The effort is the first offshoot of Project REACh, which is designed to bring together business leaders, government officials and advocates to help improve financial services options for disadvantaged communities.
Source: American Banker

Under pressure to diversify its board, SchoolsFirst adds associate seats

Earlier this year, the Southern California credit union was criticized for its directors not representing the demographics of the communities it serves.
Source: American Banker

What debt collectors can and can't do under CFPB rule

The agency’s final rule modernizing the Fair Debt Collection Practice Act limits calls to seven per week, but collectors won stronger protections from liability claims and other key changes to the original proposal.
Source: American Banker

PPP squeeze, SoFi’s bank charter, HSBC’s cost cutting: Top stories of the week

Banks and Paycheck Protection Program recipients are caught in a bind between two SBA rescue programs; SoFi gets preliminary OK on bank charter, launches credit card; HSBC vows to ‘accelerate’ U.S. cost-cutting plan; and more from this week’s most-read stories.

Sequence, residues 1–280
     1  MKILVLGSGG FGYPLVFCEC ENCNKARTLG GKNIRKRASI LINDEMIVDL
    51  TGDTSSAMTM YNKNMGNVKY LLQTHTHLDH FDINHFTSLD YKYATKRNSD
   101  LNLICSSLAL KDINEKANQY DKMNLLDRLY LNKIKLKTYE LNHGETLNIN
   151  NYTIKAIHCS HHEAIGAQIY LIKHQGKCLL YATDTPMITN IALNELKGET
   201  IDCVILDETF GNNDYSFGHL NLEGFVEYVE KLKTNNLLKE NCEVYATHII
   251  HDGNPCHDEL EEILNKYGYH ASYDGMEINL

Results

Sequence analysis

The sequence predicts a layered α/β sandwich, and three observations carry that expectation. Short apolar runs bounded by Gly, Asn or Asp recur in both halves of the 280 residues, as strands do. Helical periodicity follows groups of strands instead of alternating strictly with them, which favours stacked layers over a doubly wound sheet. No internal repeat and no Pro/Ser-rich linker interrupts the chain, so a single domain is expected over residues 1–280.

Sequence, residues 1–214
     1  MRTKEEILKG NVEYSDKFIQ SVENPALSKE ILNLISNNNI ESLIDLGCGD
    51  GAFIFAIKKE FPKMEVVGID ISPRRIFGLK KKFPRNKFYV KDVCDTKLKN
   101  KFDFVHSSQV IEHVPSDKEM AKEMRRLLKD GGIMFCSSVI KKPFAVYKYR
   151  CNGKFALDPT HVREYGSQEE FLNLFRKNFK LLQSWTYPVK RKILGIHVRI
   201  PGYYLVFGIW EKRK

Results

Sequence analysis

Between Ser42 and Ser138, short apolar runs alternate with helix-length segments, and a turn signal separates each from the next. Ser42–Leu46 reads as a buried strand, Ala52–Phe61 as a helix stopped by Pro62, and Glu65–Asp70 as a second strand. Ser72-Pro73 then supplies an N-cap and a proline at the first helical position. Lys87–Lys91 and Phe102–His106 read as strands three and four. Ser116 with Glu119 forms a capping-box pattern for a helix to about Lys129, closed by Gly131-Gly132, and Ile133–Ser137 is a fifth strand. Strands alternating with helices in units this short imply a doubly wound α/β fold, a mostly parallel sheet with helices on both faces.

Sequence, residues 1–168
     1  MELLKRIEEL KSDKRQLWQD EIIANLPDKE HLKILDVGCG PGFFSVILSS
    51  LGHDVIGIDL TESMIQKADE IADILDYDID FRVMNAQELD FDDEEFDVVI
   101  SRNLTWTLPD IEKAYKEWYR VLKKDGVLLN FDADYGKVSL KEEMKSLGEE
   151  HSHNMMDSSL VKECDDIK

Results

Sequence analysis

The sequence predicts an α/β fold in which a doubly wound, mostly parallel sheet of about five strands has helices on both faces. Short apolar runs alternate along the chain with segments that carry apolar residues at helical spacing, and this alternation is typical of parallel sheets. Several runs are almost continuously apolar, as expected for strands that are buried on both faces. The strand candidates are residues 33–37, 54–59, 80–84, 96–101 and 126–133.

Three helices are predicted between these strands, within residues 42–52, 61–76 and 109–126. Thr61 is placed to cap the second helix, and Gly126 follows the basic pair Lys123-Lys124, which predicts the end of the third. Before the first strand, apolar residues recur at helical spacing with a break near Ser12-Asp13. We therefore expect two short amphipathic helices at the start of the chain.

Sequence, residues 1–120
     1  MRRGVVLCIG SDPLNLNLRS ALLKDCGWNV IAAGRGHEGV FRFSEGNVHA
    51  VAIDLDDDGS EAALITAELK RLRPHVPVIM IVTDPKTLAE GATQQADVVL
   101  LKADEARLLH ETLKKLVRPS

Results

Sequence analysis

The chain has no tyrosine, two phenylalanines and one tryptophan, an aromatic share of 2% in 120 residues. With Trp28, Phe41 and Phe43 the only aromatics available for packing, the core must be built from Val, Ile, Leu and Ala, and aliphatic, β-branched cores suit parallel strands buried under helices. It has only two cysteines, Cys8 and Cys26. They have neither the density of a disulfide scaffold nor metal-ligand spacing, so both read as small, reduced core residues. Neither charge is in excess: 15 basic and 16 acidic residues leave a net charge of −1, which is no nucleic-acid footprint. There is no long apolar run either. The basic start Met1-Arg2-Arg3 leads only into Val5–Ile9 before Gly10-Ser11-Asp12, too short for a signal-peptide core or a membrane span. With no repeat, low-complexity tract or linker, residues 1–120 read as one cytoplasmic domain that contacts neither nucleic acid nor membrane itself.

Source: American Banker

Why Ally Bank built an island on Animal Crossing

The digital bank is on a larger mission to attract younger customers. It’s inserting itself into the popular video game in the hope that game players will learn about its products and have fun at the same time.
Source: American Banker

Pennsylvania credit unions cheer remote notarization law

The CrossState Credit Union Association continues to work with lawmakers in neighboring New Jersey to get similar legislation passed there.
Source: American Banker

Executive order on diversity a predicament for banks

Bankers can either fight the president’s recent order banning diversity training in federal contracts or face reputational risk by complying with it.
Source: American Banker

Fed lowers Main Street loan threshold in bid to boost interest

Underwhelming participation in the middle-market loan program has forced the central bank to reduce the minimum borrowing amount for the third time, to $100,000.
Source: American Banker